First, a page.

On June 18, 2012, in Association of Irritated Residents v. California Air Resources Board (2012) ___ Cal.App.4th ___ (No. A132165), the First District Court of Appeal upheld the California Air Resources Board’s (“ARB’s”) 2009 Climate Change Scoping Plan, finding it complies with the requirements of California’s Global Warming Solutions Act of (2006) (“AB 32”) and that ARB’s adoption of the plan was not arbitrary or capricious.
AB 32 designates ARB as the state agency charged with monitoring and regulating sources of greenhouse gases and imposes numerous directives and timelines on ARB. Central to this case is AB 32’s mandates that ARB prepare and approve a scoping plan for achieving the maximum technologically feasible and cost-effective reduction in greenhouse gas emissions from sources or categories of sources of greenhouse gases by 2020. Following an extensive public process, ARB adopted a final scoping plan, entitled “Climate Change Scoping Plan, a framework for change.” Among measures to reduce greenhouse gas emissions included in the final plan is a cap-and-trade program that links with other cap-and-trade programs to create a regional cap-and-trade market system. ARB also adopted a functional equivalent document (“FED”), a document similar to an environmental impact report, to comply with CEQA.
Thereafter, petitioner Association of Irritated Residents and several other non-profit organizations (collectively “AIR”) filed a petition of writ of mandate against ARB alleging that ARB’s Scoping Plan did not fulfill AB 32’s requirements and ARB’s FED did not comply with CEQA. The trial court held that the Scoping Plan complied with AB 32 and that ARB had not acted arbitrarily or capriciously in approving the plan. The trial court found, however, that the FED violated CEQA in that it failed to adequately analyze alternatives to the regional cap-and-trade program included in the scoping plan.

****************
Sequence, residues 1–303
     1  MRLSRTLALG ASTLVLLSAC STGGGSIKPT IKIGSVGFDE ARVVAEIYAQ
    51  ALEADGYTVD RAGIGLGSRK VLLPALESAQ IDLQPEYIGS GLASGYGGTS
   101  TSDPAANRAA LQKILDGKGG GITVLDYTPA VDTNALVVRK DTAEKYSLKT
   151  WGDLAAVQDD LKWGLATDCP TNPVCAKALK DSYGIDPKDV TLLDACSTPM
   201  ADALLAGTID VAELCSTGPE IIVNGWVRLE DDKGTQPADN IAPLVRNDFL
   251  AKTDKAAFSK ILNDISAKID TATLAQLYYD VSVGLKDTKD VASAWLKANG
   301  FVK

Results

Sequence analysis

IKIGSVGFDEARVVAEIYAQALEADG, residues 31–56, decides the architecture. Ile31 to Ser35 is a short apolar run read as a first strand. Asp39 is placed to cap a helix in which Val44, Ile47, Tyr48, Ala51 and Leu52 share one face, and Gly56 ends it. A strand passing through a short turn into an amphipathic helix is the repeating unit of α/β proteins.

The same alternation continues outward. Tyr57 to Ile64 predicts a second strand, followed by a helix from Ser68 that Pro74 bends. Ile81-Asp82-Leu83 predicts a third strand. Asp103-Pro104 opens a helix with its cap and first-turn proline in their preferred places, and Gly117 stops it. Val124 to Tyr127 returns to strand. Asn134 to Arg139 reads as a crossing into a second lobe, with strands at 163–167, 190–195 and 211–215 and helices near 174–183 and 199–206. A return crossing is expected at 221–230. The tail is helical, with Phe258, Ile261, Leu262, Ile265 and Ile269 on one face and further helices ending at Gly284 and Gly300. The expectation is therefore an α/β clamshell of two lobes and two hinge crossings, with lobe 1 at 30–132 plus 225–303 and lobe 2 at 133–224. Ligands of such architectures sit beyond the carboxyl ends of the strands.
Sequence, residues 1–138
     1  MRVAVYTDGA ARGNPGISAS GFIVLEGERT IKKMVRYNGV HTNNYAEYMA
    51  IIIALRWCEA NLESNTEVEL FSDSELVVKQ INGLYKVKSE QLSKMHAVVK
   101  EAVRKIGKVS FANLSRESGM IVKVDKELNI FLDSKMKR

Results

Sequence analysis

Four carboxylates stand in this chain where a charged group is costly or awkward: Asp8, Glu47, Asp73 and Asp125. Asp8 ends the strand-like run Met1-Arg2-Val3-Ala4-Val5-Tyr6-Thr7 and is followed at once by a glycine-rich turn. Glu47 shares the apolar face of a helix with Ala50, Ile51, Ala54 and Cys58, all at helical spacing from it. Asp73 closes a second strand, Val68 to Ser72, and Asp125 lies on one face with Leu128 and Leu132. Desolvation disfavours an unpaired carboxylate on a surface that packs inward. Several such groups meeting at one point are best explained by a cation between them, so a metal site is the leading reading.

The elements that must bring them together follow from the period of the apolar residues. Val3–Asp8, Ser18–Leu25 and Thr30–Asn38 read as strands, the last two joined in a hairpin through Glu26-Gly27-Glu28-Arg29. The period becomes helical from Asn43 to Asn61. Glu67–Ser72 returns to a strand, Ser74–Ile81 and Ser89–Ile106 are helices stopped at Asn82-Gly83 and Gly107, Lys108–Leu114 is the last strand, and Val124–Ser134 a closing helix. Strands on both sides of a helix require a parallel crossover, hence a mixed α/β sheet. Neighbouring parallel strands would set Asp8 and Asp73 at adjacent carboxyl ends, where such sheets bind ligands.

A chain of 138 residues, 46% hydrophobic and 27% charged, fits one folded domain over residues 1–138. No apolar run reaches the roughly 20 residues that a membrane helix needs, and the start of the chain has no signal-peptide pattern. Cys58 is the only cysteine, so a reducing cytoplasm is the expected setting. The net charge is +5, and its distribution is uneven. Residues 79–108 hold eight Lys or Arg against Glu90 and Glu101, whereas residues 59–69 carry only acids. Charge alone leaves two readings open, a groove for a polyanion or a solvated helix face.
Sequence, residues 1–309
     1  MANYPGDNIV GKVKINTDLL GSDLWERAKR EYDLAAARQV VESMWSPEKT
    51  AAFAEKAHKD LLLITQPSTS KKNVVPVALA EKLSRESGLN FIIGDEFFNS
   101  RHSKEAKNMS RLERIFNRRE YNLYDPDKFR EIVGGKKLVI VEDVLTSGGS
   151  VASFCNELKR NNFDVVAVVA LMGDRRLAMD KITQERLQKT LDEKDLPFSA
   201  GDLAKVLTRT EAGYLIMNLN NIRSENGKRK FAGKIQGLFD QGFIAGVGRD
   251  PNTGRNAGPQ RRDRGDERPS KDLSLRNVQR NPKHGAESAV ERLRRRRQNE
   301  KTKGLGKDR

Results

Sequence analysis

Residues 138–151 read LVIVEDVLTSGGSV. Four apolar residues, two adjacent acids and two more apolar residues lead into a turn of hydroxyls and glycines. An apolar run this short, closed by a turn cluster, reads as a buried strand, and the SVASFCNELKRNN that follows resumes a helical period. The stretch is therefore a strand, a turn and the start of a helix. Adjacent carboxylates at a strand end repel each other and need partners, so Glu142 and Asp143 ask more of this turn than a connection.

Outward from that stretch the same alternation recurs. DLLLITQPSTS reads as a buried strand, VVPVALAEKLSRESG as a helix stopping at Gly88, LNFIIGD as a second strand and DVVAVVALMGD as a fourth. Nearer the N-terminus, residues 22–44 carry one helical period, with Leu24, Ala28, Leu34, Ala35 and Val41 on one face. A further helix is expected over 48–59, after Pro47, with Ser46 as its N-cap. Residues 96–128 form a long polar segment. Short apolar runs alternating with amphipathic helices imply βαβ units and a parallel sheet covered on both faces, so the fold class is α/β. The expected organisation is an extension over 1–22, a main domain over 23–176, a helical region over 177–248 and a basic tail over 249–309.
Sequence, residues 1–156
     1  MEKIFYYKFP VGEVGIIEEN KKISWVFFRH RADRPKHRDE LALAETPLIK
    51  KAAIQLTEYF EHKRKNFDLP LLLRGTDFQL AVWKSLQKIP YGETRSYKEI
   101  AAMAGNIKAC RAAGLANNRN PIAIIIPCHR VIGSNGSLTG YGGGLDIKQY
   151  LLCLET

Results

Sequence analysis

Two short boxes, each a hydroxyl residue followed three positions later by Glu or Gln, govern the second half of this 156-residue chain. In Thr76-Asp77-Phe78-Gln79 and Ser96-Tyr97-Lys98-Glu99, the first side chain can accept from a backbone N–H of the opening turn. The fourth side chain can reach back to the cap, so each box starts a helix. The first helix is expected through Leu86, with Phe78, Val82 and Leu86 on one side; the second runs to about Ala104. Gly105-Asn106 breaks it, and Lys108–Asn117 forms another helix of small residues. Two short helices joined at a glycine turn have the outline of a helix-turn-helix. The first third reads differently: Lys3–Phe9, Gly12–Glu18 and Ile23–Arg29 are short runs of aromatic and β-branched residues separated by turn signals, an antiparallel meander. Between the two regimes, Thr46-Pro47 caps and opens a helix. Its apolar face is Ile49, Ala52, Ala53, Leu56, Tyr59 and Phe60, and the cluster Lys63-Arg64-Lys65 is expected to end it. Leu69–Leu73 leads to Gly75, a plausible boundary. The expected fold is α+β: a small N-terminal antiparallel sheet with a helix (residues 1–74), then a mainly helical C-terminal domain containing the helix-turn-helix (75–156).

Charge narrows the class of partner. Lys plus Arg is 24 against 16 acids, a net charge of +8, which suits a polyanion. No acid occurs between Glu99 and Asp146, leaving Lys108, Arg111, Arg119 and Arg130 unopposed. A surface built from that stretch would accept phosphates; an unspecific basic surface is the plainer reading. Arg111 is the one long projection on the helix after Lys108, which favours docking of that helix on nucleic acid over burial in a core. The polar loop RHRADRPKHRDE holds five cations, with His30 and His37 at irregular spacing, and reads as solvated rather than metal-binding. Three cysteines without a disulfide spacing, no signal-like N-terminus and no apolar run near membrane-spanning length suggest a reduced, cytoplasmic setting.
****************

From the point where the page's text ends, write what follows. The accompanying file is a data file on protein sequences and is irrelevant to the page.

ARB appealed the trial court’s decision and AIR cross-appealed. While the appeal was pending, ARB prepared a supplement to its FED, providing the additional analysis that the trial court had found wanting. On August 24, 2011, ARB certified the supplemental FED and re-adopted the scoping plan. ARB thereafter filed a return to the writ of mandate, and the trial court discharged the writ. ARB’s appeal was then dismissed. Thus, the only issue remaining before the Court of Appeal was the question of whether the Scoping Plan satisfies AB 32’s requirements. Applying the deferential “arbitrary and capricious” standard, the court held that it did.
In so holding, the court described, in detail, what it believed to be a thorough analysis by ARB of the Scoping Plan and explained how ARB’s actions complied with the statute against AIR’s numerous claims to the contrary. The court noted that “[t]he Governor and the Legislature have set ambitious goals for reducing the level of greenhouse gas emissions in California and to do so by means that are feasible and most cost-effective.” The court recognized that ARB faced many challenges in achieving those goals. It stated that the Scoping Plan was a first attempt at addressing the overwhelming and pressing problem of greenhouse gas emissions at the state, and as such did not need to be perfect or answer every question presented by petitioners. In concluding, the court found ARB had exercised “sound judgment” in devising its Plan.